These four lighting conditions (and others) may be used in various types of dynamic occupancy/activity sensing schemes. In this example, no dimming is used and the lighting conditions are such that illumination levels are held constant and only the quality of light is modified as occupancy/activity in the space changes. Of course, conventional dimming may be added to provide a further lighting option.
With reference again to the FIGURE, imagine that space 10 is a corridor that supports various types and patterns of pedestrian traffic, such as in an airport terminal or a university, for which 3400K lighting has been specified. Along the walls are pieces of artwork or advertisements that require a light source with a reasonable CRI in order to be properly appreciated. A network of conventional occupancy sensors 16 line the length of the corridor such that controller 20 can discriminate where people are and in which direction and how fast they are walking. The length of this corridor is divided into plural lighting zones of the same or different size (such as zones A-F in the FIGURE). The four lighting conditions described above are programmed into the controller according to predetermined occupancy/activity algorithms designed for various traffic patterns. Example traffic patterns are as follows:
I. No occupancy. To accommodate passing traffic in adjoining corridors the controller could be programmed to use LC1 (90 CRI) in zones A and F, use LC2 (80 CRI) in zones B and E, and use LC3 (48 CRI) in remaining interior zones. In this manner, passersby in the adjoining corridors would not perceive changes in the illumination level in corridor 10 nor would they notice the light quality change in the lighting in the interior zones of corridor 10.
II. Person 18 enters at zone A, walking at fast pace (obviously not inspecting the artwork or advertisements). In this case, the controller could be programmed to provide a smooth transition to LC2 for two zones ahead of the person and one zone behind, and then revert to LC3 as person passes and is more than one zone away.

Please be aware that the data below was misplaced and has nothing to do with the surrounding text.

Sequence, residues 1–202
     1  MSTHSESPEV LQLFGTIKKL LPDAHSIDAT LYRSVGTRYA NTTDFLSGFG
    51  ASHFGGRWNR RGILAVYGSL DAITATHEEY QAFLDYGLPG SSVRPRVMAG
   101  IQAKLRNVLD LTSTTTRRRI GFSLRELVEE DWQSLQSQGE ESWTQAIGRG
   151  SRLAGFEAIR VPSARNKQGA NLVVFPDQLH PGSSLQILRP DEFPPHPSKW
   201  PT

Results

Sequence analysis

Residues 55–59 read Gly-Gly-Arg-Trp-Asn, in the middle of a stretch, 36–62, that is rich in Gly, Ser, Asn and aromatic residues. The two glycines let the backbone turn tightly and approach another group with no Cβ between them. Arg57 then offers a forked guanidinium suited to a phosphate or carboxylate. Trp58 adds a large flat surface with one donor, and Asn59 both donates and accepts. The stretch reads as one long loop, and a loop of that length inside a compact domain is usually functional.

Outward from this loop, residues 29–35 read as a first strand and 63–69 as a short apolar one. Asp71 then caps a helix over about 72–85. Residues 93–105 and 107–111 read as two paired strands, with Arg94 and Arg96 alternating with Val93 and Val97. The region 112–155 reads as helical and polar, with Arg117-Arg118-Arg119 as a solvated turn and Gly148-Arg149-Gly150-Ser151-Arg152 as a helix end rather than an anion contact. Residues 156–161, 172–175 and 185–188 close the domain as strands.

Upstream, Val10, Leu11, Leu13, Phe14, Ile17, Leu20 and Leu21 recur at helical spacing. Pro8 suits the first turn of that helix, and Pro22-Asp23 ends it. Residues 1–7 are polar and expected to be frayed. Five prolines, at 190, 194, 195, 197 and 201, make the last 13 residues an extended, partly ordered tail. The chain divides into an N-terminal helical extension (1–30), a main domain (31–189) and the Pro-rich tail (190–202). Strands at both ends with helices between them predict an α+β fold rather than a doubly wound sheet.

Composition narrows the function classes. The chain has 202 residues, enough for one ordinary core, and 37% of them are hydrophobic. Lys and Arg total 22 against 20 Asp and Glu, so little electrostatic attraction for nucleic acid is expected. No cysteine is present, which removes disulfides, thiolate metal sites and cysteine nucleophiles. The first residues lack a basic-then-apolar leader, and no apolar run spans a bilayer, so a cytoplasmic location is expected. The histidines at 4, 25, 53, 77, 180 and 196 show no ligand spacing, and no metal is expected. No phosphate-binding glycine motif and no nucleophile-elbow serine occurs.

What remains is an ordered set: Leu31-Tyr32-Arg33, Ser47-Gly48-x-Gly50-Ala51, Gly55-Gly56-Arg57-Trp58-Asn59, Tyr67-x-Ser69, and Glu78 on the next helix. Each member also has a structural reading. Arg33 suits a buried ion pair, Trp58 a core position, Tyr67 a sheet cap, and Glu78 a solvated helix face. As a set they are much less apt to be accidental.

III. Person walking at slow pace (perhaps mindful of the scenery). The controller might be programmed to use LC1 in the occupied zone and then provide a smooth transition to LC1 for two zones ahead and one zone behind as the person travels through the corridor. LC2 could be used for the third zone ahead of the person. In this manner, a high quality lighting is available to the person to observe the artwork or advertisements.
IV. Person stops (perhaps focused on art or advertisement). Similar to traffic pattern III above, except that the controller is programmed to maintain LC1 in the occupied zone and for two zones on either side of person. LC2 could then be used for one additional zone on each side of the LC1 zones.
V. After hours, security and maintenance workers (i.e., change of activity). The controller might be programmed to use LC4 in all zones during unoccupied periods (2800K, 38 CRI) and momentarily switch to LC2 for brief periods as the workers enter the zones. In this situation, a high quality lighting is not needed for the activities within the space, e.g., security surveillance and cleaning.